When is a Dane not a Dane? That is the question …

Dansk Folkeparti wants to raise the bar substantially when it comes to immigrants being considered Danish – particularly in regards to Muslims

With what is obviously more than one eye on the upcoming Danish general election, Dansk Folkeparti has tabled a parliamentary motion that in order to statistically be counted as a Dane, you have to be at least fourth or fifth generation.

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According to the party, being born in Denmark and having Danish citizenship is nowhere near good enough; in cases such as this, you should be considered a descendant, and so part of the ‘immigrant’ segment when it comes to statistics.

This year’s model
“We want a working group set up to develop new models and define even more groups when it comes to describing how many people in Denmark have an immigrant background,” DF’s spokesperson on immigration, Martin Henriksen, told BT.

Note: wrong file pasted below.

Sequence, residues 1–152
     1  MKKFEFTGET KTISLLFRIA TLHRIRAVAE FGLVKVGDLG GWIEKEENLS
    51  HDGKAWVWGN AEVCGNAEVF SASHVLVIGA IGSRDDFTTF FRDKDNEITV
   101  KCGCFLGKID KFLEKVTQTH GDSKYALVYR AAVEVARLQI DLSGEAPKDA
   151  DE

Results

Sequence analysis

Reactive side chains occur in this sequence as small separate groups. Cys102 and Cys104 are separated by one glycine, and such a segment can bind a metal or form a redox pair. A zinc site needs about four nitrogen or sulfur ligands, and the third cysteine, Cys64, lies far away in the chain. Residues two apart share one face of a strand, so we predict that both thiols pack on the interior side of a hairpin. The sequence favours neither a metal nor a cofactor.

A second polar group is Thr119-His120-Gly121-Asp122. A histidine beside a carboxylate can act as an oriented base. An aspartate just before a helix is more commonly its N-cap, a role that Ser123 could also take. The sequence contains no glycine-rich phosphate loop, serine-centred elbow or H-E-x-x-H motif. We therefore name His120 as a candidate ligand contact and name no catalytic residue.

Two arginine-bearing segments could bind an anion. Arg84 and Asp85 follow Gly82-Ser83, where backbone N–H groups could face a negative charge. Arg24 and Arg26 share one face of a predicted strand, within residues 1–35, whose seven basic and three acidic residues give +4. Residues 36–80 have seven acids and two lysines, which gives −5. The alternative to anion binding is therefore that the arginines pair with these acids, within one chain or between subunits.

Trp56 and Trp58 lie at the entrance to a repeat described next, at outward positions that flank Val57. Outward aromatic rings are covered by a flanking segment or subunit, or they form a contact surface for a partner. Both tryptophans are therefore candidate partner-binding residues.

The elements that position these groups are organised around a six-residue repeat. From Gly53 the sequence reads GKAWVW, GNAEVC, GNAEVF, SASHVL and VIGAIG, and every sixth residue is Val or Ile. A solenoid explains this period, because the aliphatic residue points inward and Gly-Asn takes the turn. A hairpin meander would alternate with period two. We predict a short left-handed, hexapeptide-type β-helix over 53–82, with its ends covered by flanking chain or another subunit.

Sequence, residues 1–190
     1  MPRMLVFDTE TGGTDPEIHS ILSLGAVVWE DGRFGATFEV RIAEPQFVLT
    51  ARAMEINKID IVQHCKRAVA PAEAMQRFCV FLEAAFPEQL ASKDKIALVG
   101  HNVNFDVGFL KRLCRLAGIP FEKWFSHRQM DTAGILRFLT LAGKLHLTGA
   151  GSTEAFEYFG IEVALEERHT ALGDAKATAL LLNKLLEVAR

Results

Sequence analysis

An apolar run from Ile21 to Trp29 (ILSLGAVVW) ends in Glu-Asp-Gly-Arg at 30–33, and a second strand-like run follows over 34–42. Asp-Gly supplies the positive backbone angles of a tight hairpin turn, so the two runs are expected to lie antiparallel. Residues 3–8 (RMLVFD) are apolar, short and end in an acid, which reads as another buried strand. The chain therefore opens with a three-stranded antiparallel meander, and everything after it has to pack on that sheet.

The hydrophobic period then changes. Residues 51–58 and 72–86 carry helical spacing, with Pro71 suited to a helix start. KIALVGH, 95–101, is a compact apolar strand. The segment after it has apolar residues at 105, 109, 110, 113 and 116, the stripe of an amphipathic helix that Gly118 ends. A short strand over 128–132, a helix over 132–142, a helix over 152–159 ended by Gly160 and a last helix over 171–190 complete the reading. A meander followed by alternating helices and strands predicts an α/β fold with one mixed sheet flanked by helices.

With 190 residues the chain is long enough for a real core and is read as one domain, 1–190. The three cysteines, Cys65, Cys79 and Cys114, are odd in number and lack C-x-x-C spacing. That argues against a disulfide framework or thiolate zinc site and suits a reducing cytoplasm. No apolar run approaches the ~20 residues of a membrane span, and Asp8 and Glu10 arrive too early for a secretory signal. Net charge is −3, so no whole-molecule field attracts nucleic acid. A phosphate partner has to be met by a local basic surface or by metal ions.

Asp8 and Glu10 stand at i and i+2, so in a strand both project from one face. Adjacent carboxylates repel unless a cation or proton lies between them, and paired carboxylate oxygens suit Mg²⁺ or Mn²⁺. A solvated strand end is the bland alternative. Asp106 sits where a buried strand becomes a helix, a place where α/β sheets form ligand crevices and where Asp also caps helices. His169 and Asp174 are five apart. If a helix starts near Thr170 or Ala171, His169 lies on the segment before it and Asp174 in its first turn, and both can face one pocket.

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“If politicians don’t know the full extent of immigration and the descendants of immigrants, there is a real risk that things could get out of control if we don’t act, so we need to consider whether the tools used by Danmarks Statistik [the national statistics keepers] are adequate.”

An insurmountable stumbling block
Henriksen did concede that third-generation immigrants are not a homogeneous group and that some could be considered Danes.

However, “a large group of people with a Middle Eastern background cling so firmly to family traditions that it just doesn’t make sense to call them Danish,” he said.

According to Henriksen, the main stumbling block is Islamic convention that discourages Muslim women from marrying ethnic Danes, so their religious rules rule out integration.

“If you as a Muslim want to be part of the Danish community, you must – as a minimum – break with this aspect of Islam,” he said.

“Otherwise it is totally impossible for you to become Danish at any point.”